First, there is the cry to prepare the way for the Lord (1-4). Are you tired? Why? What are the main stressors? Has life been hard? Hasn’t gone the way you wanted? Are you hurting? Another year has come and gone, yet the same old routines and “stuff” are dominating your life? The Lord speaks COMFORT upon us. Not instead of our hurt and anxiety, but in the midst of it. Over and above all the noise and shouting, violence and oppression is someone with the boldness to tell us the truth…the Lord is coming! Not from a throne or your favorite city, not on the clouds or up from the ground…but out of the wilderness. Why? You see, our Lord knows what it means to be tired, hurt, and in pain. Often, from a theological lens that place in which we sometimes find ourselves is known as “wilderness.” Yet, the Lord has survived it and overcame it. Therefore, the prophet speaks hope that since we have a Lord who has overcome, so too can we. When I hear the distant cry of “Prepare the way of the Lord,” I am reminded that God is on the way!
Second, there is the cry that we are here only a little while but the Word of God remains forever (5-8). It might seem strange that after a comforting message of hope to the people, the prophet seemingly pulls the rug out from beneath us. We are like grass…we fade…shout it with me now! It seems…depressing. However, we are summoned by the prophet to build upon the hope we have that the Lord has not abandoned us and that we have beheld His glory. I think we all need a good reminder that the hope of the Lord is not rooted in me or you, but in the WORD that spans the ages and provides life, instruction, and promise to each generation. I remember Christmas mornings when the whole morning revolved around my sister and me. Now Christmas mornings truly revolve around my kids. I look forward to the day when, Lord willing, Christmas morning will center on my grandkids. Why? Because I am fading and my purpose is to pass on the spirit of Christmas and gift giving to my kids and then to their kids and so forth. Moving from the realm of Christmas to the realm of faith, we are fading and the church’s main work to preserve and pass on the WORD so that the glory of God can be revealed to the next generation…until “forever” in this passage is but a memory.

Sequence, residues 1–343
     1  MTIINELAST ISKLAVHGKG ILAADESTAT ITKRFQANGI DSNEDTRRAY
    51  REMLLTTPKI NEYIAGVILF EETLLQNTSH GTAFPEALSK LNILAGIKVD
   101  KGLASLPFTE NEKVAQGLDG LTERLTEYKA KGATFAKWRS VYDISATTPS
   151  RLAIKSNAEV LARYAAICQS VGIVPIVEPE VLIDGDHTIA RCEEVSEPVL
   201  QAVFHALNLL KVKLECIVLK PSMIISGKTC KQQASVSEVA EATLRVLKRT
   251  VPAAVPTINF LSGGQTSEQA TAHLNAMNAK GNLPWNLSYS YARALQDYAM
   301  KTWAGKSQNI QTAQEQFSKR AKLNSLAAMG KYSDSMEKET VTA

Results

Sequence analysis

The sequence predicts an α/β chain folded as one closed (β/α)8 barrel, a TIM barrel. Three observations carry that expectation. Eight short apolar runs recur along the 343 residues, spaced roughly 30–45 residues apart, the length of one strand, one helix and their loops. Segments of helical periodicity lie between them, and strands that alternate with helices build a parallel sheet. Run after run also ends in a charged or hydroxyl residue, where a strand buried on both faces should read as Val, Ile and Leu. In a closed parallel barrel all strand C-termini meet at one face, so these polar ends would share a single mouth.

Last, there is the cry to proclaim the Lord’s victory in the midst of a reality of ruins and pains (9-11). Again, it seems strange that while the city lies in a heap of destruction that the order would come to proclaim victory. This passage puts the notions of victory and good news in the context of a people forgotten and oppressed. To whom is the victory given? To whom is the good news proclaimed? I think it is fair to argue that the people receiving the message of victory and good news are those who are outcasts in the world’s system of domination and violence. Listen again to the end of the passage… He will feed, He will carry the lambs—holding them close to his heart, He will gently lead. Hmm…seems oddly otherworldly to me.
Isaiah points us to the coming of the Lord in which we both experience and anticipate, knowing that the victory is secured and coming in full; so we wait for it while we live and rest in it when we die in assurance that the Word of the Lord guides this world out of the chaos of sin and death, and into the Kingdom of God.
I have been reading a little book by Lois Malcolm on the Holy Spirit. I met Lois at the Rochester College Streaming Conference, and her book, Holy Spirit: Creative Power in our Lives would serve small groups well if you have a group that is interested in thinking about the Holy Spirit and its representation in the Bible. In chapter 3, she starts off by stating, “Something happened after Jesus’ death. His disciples experienced his presence among them as one raised from the dead. They announced that God had vindicated him by raising him from the dead, making him both ‘Lord and Messiah’ (Acts 2:36). And, they experienced the presence of the Spirit within and among them. They affirmed that the same Spirit of God who raised Jesus from the dead also dwelled within them and gave life to their mortal bodies(Romans 8:11). As they reflected on their memories about Jesus in light of the Scriptures and what they remembered about his life, they interpreted Jesus’ death to be something he offered through ‘the eternal spirit’—the indestructible life of God—so that they could, with clean consciences, worship the living God (Hebrews 9:14).” (35)
She continues, “Throughout Acts, we read how members of the new community were ‘filled with the Spirit’ to move and act in certain ways. The Spirit directed the affairs of the community (Acts 5:3; 9:31), guiding through prophetic utterance (Acts 11:28; 13:2; 20:23; 21:4,11) and through mutual discernment (Acts 15:28). And the Spirit gave individuals power to perform certain tasks for the community…” (38)